Oh, the clan citadel has one other use. Not meeting and talking, you have the cc for that. Meeting on a mutual world for an effigy or whatever. Like that really matters, given w117 Daemonheim is the perfect place for that.
Bonus xp in woodcutting? Meh.
At the end of the day, we can always go to the top clan's citadel if we really want to see anything exciting. Hell, they'll probably let us into the keep just because they want to show off.
P.S. Found some gold, diamonds and redstone: now that I'm equipped with a compass, it's time to go and find some clay, and then mine obsidian to get to the nether.
So yesterday, Jagex released a new scheme they've got. Similair to the member's loyalty programme, this is the refer a friend programme. Lots of games have programmes like these, and I'm pleased with how Jagex did theirs: not only does it benefit the referee (if they get membs) but it also gives the newb a bonus starter pack and double xp in skills up to level 30. Equally, you can only do it 5 times a year so manipulating it for bonus xp by making neww accounts and email adresses is a bit of a waste of time.
However, some people saw fit to think that this was a bad move by Jagex. Here are 5 reasons why it's not.
1. Jagex need the money. Not only are they a business, attempting to make money, but Jagex have 2 or 3 new games going at the same time, none of which are making money. The increased drive on getting Runescape players to spend money is not a new thing (see membership loyalty programme). If Jagex can't get enough money out of RS in the short term, they will hit big problems. In case you're wondering, the games are: Transformers Universe, Stellar Dawn, and an un-named fantasy MMO, potentially a vast upgrade to runescape (a la runescape 2) or maybe something different.
2. This doesn't really help bots. Lots of people think it does, and the two main lines are this: (a) it gives existing bots bonus xp. Most bots are focused on moneymaking. The training bots get poor xp anyway, and a 10% difference never makes a huge impact. If anything, Jack of All Trades gave bots much more bonus xp: this can only be doen 5 times a year per account. The second argument is that (b) it helps new bots train up faster. Yes it does, no it doesn't matter. Getting to level 30 was never a particularly long stint in any case. It was certainly never a problem for bots.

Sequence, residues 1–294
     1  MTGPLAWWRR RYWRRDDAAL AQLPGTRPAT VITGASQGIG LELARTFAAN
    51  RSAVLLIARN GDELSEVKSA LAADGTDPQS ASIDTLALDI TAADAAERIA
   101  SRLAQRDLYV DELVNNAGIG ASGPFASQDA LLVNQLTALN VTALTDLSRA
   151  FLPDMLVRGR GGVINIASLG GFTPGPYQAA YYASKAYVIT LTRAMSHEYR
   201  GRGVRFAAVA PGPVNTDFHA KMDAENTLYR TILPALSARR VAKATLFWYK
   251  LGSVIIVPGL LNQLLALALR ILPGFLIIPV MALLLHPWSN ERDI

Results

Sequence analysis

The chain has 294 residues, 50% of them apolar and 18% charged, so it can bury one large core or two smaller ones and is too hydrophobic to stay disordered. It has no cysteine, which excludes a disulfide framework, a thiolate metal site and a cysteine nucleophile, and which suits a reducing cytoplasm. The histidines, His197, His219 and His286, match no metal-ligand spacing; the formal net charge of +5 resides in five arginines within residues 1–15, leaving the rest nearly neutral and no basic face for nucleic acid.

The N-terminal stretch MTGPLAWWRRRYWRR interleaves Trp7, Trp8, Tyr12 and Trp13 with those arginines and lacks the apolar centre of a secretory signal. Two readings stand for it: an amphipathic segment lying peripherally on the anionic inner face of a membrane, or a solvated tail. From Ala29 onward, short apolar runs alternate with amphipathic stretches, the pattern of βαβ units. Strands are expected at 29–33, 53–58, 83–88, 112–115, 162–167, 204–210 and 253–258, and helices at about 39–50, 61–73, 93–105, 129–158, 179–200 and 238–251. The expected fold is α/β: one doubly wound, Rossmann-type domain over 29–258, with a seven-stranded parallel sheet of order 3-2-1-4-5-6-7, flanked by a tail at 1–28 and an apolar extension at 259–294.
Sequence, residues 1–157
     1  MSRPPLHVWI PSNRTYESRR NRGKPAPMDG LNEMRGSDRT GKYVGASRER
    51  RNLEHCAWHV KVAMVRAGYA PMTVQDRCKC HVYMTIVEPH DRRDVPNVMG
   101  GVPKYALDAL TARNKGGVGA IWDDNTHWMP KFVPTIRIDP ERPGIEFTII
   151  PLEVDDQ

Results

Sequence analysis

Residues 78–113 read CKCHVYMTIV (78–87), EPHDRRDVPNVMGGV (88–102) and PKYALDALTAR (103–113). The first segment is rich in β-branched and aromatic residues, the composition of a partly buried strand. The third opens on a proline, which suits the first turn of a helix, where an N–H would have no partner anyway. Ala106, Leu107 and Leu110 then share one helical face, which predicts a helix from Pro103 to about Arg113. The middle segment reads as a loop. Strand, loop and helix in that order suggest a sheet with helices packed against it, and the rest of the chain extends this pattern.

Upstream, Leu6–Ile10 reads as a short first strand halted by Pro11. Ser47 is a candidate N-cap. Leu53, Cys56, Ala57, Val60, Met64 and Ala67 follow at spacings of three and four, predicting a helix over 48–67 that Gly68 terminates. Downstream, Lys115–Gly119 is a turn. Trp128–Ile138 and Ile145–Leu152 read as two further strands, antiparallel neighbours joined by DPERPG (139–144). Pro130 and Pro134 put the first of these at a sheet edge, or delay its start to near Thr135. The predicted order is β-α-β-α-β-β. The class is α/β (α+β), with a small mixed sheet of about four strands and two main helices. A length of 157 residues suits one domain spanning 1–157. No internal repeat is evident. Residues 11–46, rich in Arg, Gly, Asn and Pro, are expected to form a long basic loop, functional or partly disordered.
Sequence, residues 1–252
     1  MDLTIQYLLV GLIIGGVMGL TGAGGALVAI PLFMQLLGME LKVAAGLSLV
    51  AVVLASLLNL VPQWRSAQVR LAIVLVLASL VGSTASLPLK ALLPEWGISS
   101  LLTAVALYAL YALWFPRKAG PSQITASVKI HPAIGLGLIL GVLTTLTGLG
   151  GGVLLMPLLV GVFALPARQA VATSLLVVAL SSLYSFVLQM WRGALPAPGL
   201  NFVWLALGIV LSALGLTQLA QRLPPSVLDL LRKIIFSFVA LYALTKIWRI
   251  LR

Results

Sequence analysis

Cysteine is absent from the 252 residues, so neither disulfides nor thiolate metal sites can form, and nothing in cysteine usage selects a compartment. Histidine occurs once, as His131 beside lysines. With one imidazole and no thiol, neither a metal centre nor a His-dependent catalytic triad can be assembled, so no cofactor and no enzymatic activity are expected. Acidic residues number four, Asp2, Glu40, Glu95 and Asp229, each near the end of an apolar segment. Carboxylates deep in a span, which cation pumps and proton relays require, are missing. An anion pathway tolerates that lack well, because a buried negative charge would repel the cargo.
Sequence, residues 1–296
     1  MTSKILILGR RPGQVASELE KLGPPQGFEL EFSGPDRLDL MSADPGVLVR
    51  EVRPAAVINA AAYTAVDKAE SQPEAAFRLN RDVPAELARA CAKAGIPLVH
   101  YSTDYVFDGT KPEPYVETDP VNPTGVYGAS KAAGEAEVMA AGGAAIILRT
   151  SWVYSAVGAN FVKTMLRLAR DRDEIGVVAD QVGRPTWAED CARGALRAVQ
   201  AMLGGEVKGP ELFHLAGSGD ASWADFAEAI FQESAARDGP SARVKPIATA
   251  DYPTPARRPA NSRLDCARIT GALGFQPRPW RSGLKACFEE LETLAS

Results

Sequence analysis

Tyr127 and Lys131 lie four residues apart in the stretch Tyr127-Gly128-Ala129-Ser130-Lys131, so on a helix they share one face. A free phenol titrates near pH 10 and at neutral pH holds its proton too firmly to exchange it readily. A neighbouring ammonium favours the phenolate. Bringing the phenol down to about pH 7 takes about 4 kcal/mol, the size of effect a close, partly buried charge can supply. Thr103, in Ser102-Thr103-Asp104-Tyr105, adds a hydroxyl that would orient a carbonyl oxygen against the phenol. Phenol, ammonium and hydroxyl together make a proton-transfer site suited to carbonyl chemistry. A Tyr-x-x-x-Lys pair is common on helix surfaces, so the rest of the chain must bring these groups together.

3. It's been done before. Why are you complaining now? It was done with Jack of Trades, anyone who's a member for x months can get bonus xp now. Big deal. Everyone gets just as much benefit out of that, if not more, than this.
4. It should bring new people into the game. Runescape has good stickability, customers don't go very often even if they say they will, so brining fresh newbies into the game will really help things along.
It's my Birthday! Merch Gwyar is faster than an email bot, so...I have to say, that's pretty impressive. Go Merch!
And now, ladles and gelatine, it's time for a video:
It's also Kyra's birthday (if he/she put his/her real birthday) so go be nice to them too!
What does Runescape need? That's a good question, probably *the* good question that Jagex should and are asking themselves. At the moment, the answer is 'filling out all the skills, adding high level content, expanding graphical capabilities and the evolution of combat along with doing a good marketing job'. And it's a sensible, well rounded answer, the sort you'd expect from a company that's done a lot but never been able to succeed outside their flagship product for very long. I'd agree with pretty much all these points (they're also redeveloping quests, which is good but not frequent enough to suggest they think it's a priority-this might be mistaken).